The problem of visual interestingness detection, which is crucial for many practical applications such as search and rescue, is explored in this project. Although prior research is able to detect significant objects or scenes, it is not able to adapt in real-time and loose interest over time after repeatedly observing the same objects or exploring the same scenes. To enable such behaviours for robots, we argue that a learning system should have both life-time human-like experience learned from a large amount of unlabeled data and a short-term learning capability for limited negative labeled data. This is because robots normally only know uninteresting objects before a mission and have to change their interests during a mission. To this end, we introduce an unsupervised learning model with a memory mechanism, which is able to train in real-time without back-propagation, resulting in a much faster learning speed. Our experiments show that, although implemented on a single machine, our approach is still able to learn online and find meaningful objects for a practical search task in mine tunnels.
We propose to establish an online learning scheme to search for interesting scenes for robot exploration. On the other hand, existing algorithms are heavily dependent on back-propagation algorithm for learning, which is very computationally expensive. To solve this problem, we introduce a novel translation-invariant 4-D visual memory to identify and recall visually interesting scenes. Human beings have a great capacity to direct visual attention and judge the interestingness of a scene.
For mobile robots, we find the following properties are necessary to establish a sense of visual interestingness:
Unsupervised: Visual interestingness is a psychological process. Its definition is subjective and can change according to one’s experience and environments, thus labels are difficult to obtain. However, prior research mainly focuses on supervised methods, and their performance suffers in a prior unseen environment. We hypothesize that a sense of interestingness can be established for autonomous robots in an unsupervised manner.
Task-dependent: In many tasks, we might only know uninteresting objects before the task is started. For example, in a mine rescue search task, the deployment will be more efficient and easier, if the robots can be taught what is not interesting in the specific scene within several minutes. In this sense, we argue that a visual interestingness detection system should be able to learn negative labeled samples quickly, thus an incremental learning method is necessary. Note that we expect the model is capable of learning negative samples, but it is not necessary in all tasks.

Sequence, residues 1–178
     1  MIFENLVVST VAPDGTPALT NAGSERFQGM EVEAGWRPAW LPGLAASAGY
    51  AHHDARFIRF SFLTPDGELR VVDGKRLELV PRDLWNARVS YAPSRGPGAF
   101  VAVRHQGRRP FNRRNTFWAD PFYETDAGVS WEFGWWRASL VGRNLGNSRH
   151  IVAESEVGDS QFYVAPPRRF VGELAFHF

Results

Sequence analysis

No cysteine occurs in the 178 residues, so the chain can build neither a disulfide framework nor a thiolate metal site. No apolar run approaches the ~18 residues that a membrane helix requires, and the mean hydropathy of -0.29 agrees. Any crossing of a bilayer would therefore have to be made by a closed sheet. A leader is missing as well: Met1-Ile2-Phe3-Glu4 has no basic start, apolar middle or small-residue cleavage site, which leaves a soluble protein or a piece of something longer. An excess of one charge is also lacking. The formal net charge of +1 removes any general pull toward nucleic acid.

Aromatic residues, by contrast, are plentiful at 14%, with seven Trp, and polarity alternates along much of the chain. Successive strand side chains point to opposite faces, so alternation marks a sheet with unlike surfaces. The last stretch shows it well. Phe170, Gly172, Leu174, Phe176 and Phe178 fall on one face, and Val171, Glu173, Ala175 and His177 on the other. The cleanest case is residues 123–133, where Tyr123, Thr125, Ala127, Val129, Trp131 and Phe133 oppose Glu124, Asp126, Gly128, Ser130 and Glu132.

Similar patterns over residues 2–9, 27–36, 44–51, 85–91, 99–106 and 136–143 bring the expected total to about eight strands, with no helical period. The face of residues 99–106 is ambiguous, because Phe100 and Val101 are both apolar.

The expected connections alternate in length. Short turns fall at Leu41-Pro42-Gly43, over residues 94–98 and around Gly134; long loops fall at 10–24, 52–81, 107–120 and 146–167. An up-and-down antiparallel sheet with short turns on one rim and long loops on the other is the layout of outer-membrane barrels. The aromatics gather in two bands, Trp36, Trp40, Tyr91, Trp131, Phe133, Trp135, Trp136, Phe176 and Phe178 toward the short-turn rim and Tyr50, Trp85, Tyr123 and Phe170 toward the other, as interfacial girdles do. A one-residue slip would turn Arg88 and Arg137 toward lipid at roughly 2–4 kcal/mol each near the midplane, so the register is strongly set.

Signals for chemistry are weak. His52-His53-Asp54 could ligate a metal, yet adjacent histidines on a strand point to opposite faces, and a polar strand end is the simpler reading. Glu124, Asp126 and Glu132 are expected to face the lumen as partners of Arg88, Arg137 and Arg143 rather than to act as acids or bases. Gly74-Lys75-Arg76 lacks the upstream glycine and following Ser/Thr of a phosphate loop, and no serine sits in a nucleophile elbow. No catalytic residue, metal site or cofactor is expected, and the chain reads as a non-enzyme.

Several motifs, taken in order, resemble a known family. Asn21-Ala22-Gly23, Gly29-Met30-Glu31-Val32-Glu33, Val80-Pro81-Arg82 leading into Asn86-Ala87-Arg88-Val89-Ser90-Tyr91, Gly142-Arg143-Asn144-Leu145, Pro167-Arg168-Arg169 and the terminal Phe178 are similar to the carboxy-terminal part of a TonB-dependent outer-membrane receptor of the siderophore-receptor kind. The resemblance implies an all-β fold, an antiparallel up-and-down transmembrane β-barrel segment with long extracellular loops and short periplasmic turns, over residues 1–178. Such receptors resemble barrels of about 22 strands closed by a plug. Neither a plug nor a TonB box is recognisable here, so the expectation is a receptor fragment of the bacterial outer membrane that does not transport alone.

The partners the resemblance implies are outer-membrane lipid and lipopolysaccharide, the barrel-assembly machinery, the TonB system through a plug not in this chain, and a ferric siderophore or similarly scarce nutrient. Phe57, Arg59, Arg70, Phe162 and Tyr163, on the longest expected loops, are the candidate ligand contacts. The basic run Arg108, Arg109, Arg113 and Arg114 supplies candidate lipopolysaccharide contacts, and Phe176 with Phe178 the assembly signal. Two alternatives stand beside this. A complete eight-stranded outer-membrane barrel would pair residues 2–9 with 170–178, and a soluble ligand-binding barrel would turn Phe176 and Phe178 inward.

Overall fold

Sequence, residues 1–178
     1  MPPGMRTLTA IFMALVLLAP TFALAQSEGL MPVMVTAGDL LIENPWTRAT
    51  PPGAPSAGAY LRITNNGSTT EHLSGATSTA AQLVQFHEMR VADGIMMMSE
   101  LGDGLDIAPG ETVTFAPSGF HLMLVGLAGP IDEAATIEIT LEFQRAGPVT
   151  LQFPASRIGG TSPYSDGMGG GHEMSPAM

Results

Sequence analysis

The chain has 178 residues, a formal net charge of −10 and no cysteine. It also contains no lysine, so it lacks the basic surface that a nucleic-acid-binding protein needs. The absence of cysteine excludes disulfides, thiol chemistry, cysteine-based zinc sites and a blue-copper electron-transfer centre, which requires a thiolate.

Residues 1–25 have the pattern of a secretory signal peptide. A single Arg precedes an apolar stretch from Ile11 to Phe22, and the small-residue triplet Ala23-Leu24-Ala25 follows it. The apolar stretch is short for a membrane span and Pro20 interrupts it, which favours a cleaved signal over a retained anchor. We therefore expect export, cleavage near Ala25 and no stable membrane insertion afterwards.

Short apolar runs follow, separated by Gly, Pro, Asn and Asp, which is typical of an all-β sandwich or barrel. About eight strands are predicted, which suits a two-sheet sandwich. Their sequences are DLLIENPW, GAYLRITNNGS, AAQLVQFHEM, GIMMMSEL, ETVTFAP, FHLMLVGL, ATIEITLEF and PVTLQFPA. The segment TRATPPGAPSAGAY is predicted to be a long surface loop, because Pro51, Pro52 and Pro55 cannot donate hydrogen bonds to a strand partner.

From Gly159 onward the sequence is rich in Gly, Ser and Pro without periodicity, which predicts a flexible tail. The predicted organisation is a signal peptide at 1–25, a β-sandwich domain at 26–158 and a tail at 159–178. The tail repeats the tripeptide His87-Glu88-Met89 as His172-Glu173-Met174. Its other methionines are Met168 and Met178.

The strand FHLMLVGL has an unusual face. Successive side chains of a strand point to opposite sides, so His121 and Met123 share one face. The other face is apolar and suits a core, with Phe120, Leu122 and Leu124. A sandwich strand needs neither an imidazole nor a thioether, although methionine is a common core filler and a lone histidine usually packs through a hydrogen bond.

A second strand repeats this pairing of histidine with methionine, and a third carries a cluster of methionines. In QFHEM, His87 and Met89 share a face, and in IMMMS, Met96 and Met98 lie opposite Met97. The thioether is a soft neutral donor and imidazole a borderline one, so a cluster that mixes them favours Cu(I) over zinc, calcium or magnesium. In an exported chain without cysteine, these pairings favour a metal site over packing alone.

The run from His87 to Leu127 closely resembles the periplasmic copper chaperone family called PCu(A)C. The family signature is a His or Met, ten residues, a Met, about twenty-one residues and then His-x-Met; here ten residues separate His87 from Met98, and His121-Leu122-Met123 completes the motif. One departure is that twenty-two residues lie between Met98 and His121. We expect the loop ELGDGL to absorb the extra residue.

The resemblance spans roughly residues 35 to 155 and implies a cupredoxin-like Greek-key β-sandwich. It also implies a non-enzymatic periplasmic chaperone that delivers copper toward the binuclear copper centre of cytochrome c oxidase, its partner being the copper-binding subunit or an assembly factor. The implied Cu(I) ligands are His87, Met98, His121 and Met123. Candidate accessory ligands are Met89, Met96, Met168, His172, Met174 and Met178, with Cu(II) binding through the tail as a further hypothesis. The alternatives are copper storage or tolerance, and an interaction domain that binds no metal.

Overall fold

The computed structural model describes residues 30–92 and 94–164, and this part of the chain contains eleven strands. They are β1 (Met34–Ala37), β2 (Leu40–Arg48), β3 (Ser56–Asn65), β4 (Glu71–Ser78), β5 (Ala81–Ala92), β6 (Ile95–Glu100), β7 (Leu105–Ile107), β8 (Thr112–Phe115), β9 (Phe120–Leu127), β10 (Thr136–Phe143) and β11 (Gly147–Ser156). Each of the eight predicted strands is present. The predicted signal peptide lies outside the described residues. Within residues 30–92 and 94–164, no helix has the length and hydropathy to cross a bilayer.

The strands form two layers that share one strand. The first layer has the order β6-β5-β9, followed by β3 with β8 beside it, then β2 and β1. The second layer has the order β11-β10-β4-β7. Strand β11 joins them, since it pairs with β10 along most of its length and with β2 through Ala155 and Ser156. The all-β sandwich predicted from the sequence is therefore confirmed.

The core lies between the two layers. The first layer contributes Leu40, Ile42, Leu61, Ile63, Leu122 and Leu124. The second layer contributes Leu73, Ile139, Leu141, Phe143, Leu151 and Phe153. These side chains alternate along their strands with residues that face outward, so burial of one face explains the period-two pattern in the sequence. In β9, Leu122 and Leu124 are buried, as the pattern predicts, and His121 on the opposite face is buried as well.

Therefore, to construct a practical interestingness detection system and achieve the above properties, we introduce an unsupervised online learning model with a novel memory mechanism and expect the following outcomes:
Long-term learning: In this stage, we expect a model to be trained off-line on a large amount of data in an unsupervised manner as human beings acquire common knowledge from experience. We also expect the training time on a single machine to be no more than the order of days.
Short-term learning: For task-dependent knowledge, the model then should be able to learn from hundreds of uninteresting images in minutes. This can be done before a mission starts and is beneficial to quick robot deployment.
Online learning: During mission execution the system should express the top interests in real-time and the detected interests should be lost online when they appear frequently, regardless if they exist in the uninteresting images or not. Another important aspect for online learning is no data leakage, i.e., each frame is proceeding without using information from its subsequent frames.
In the DARPA Subterranean (SubT) Challenge, each team deploys multiple robots into several mine tunnels (GPS and wireless communication denied) to search for objects. The tunnels have a cumulative linear distance in the range of 4-8 km. The SubT front camera (SubTF) dataset contains seven long videos (1h) recorded by two fully autonomous unmanned ground vehicles (UGV) during their complete exploration in two tunnels during the tunnel circuit. Some of the video shots are presented in Figure 1. It can be seen that the SubTF dataset is very challenging, as the human annotation varies a lot, i.e. only 3.6% of the frames are labeled as interesting by at least 2 subjects, although 15% of the frames are labeled by at least 1 subject (Interest-1).
Compared to human indicated interestingness the algorithm achieves an average 20% higher accuracy than the approach without online learning. The results indicate that our three-stage architecture of long-term, short-term, and online learning shows promise in representing interestingness for robots.